Good Samaritan in Caldwell County cleaning up Plum Creek
By Kristen Meriwether
When driving down the rural roads of Caldwell County, it’s not hard to find trash dumped along the sides. Most of us drive on by, maybe saying a choice word or two about the person who left it, and then go on about our day.
Nick Ellingson is not most people.
On Dec. 29 of last year Ellingson said he found 10 tires dumped from Old Kelley Road onto the banks of Plum Creek. Instead of just driving by, he decided to take action.
“I just wanted to do something about it,” Ellingson said by phone Jan. 8. “I just wanted to get my boots dirty, get the tires out of there because the longer they sit there and disintegrate, it causes an environmental hazard.”
He fished the tires out of the creek and posted to the Lockhart-Caldwell County Discussion group on Facebook. The response was overwhelmingly positive.
“This is extremely kind of you to do. Thank you for being an outstanding citizen and making a difference. I have lived on Old Kelley Rd. for about 10 years and my husband’s family has been here for 25 years. It disgusts me that people think a county road is a dumping ground,” Kimberly Morse-Clifton said in the Facebook post. “I’m sure this happens on other roads, but we see it on Old Kelley far too often. Tires, furniture, appliances. You name it. Thank you, again, for being such an outstanding citizen!”
Ellingson decided to make the trash pickup a weekly event. He goes down weekly (weather permitting) with a trash bag and walks along the banks of the creek to pick up what illegal dumpers have left.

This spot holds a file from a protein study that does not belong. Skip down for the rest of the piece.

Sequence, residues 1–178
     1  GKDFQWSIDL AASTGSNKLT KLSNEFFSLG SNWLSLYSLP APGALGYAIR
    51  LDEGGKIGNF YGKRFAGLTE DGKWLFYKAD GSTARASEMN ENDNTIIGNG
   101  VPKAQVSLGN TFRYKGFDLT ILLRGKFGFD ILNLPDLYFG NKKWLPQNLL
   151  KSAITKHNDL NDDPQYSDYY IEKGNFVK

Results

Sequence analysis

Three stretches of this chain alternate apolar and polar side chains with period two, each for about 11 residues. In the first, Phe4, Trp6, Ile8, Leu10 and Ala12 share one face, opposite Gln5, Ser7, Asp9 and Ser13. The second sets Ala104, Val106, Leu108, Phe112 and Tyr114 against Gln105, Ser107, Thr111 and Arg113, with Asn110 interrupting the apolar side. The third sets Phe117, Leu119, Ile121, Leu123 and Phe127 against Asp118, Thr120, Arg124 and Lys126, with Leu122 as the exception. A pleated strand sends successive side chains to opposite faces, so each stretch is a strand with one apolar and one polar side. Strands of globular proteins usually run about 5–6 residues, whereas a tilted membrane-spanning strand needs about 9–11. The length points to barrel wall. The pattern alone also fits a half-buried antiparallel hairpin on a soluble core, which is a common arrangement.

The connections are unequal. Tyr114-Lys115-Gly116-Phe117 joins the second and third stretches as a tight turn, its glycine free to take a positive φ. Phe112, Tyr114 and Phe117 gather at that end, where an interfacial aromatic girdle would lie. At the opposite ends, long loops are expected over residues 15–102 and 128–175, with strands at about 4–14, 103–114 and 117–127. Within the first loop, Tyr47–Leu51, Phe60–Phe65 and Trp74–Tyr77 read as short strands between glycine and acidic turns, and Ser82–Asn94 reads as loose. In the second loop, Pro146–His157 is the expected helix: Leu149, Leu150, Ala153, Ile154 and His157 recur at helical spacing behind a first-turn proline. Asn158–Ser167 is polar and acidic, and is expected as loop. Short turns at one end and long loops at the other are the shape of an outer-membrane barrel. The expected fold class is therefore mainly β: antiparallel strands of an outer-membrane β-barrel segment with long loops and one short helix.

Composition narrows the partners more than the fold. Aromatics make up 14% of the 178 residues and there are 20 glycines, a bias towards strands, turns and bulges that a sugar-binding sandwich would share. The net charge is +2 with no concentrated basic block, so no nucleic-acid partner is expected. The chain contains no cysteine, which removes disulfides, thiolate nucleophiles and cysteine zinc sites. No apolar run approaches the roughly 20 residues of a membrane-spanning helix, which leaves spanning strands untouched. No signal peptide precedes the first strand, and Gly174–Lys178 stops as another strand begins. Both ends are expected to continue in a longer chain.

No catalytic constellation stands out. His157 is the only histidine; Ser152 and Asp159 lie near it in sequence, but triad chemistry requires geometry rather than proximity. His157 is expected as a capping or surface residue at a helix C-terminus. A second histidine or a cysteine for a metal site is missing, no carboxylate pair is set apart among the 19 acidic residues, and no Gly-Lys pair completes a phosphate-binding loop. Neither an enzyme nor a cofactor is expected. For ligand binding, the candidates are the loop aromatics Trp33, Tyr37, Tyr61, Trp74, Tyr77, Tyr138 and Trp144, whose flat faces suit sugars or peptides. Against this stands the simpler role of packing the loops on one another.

He said he has found T.V.s, couches, tables, and of course more tires. He takes items small enough for him to carry back up to his pickup with him. He said he will need help to get some of the larger pieces out of the creek and up the banks. But several people in the group on Facebook have already offered a hand.
Ellingson planned to discard of the tires, paying the fee out of his own pocket. But Julie Price posted in the group thread and offered to take the tires to use for a retaining wall. Ellingson reported he delivered them to her and was happy to see them repurposed.
It is illegal to dump trash onto county roads, but that doesn’t stop people from doing it. Ellingson said he reported what he found to the Caldwell County Sheriff’s office, who referred him to the Unit Road Division.
He also called Caldwell County Judge Hoppy Haden, who was very thankful for someone offering to be a part of the solution.
Judge Haden said the county is happy to deal with the trash that’s been pulled out, so Ellingson doesn’t have to pay any fees to recycle the tires.
“If he’s willing to go that extra mile, and pull it all out of the creek, and put it in a pile, then we will send Unit Road over to pick it up,” Judge Haden said by phone Jan. 11.
Suggestions had been made on Facebook about putting in game cameras to capture those dumping trash, something Ellingson said he was for. But Haden said he didn’t have money in the budget for such an allocation.
For now, it’s up to Ellingson and any other good Samaritan willing to help clean up what others illegally leave behind.
“I have some time on my hands,” Ellingson said. “I might as well put it to good use.”